Steve Dykes-US PRESSWIRE
Portland Trail Blazers GM Neil Olshey defends All-Star forward LaMarcus Aldridge from criticism and says his team needs to improve its rebounding.
Casey Holdahl of Blazers.com has a transcript of a Sirius XM radio interview with Justin Termine and Mateen Cleaves in which Portland Trail Blazers GM Neil Olshey defends All-Star forward LaMarcus Aldridge and says his team's rebounding struggles need to be addressed.
LaMarcus Aldridge has been accused of being a little bit soft. What's your take on the criticism in Portland in regards to that.
"The Portland papers, and we've had the same writers that have been here forever, I don't know what they're looking at because the guy is all banged up. His back is jacked up, his wrist is messed up, he plays every night. He's been asked to do a lot more this year in terms of facilitating throughout he pinch post because that's the offensive system we're running. It's not his natural position; he's a left block, left elbow player. And I think he's adopted well. Look, he's averaging more field goal attempts than he ever has, he's averaging more assists that he ever has, he's a higher usage player. Last night, we clearly had an advantage down low, he went down low. There are nights when we feel like we open the floor up more if he's away from the basket at the high post or the elbow. He's sacrificed his own game for that and a little bit of his efficiency.
I think what happens, and Mateen can attest to this, when you bring in a new coach and a new system it's going to take 20 or 25 games for everybody to learn the system and then once everybody gets how we want to play, now we can tweak it and run more isolation and get him more touches in his sweet spot and that's what you've seen the last six or seven games. His efficiency has gone through the roof because he's getting more touches in his comfort zone. LaMarcus is anything but soft. The guy had 12 rebounds last night, he's guarding fours, he's guarding fives, he's playing a ton of minutes, he's playing hurt. He's gone from being a part of a veteran core to being the franchise player and the leader in the locker room. That's not the easiest adjustment either because we've got ever opposing defense schemed to stop him. He was getting double and tripled all night last night, be battled through it, he had a high efficiency game, he got to the line, he was eight for eight from the line. All but seven of his attempts last night were in the paint, so anybody who thinks LaMarcus Aldridge is soft hasn't been around our organization or they're not very cognizant of what is going on around our league."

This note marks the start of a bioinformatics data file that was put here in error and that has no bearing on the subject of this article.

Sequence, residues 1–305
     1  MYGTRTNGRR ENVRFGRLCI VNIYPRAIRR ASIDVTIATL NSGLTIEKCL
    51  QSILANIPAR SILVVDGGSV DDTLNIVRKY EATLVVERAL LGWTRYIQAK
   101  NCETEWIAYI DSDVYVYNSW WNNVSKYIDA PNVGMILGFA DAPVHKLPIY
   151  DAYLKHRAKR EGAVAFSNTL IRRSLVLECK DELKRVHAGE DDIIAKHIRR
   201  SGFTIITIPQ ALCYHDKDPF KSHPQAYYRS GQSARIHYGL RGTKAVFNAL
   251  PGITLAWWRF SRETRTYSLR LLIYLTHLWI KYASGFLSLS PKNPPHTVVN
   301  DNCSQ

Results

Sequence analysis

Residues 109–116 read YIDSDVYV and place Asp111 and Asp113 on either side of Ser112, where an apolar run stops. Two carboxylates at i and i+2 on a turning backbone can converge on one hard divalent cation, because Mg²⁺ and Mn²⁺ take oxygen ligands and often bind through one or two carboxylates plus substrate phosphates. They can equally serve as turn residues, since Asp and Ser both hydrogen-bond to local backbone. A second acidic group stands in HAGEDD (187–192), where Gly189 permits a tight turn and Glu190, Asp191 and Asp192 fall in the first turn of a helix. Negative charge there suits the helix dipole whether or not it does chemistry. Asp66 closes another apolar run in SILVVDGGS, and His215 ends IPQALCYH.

How concerned are you about rebounding as you move forward?
"It's definitely an area of concern. We're not finishing off possessions, we're not defensive rebounding at the rate we need to. JJ Hickson has given us a lift in that area. With Meyers it's a matter of knowing, having a better feel for where the ball is coming off the rim and I think some of it is he gets lost in pick and roll rotations and he's caught out of position. He's so used to doing things with his length and athleticism and at this level you've got to just control your box out assignment. Like I said, I think our wings need to rebound better. That goes to everybody. Our guards need to control people crashing the glass, but it's definitely something we tried to address last offseason and it's something we'll continue to look to address through the trade deadline and next summer."
Blazers coach Terry Stotts also recently defended Aldridge from criticism. Aldridge was called "soft" recently by one columnist. Another writer wondered whether the Blazers should consider trading Aldridge. His drastic increase in perimeter shots was examined a few weeks back. I took a look at the redistribution of his shot locations earlier this season. His interior play has been much stronger of late.
The Blazers rank No. 23 in rebound rate.
-- Ben Golliver | email@example.com | Twitter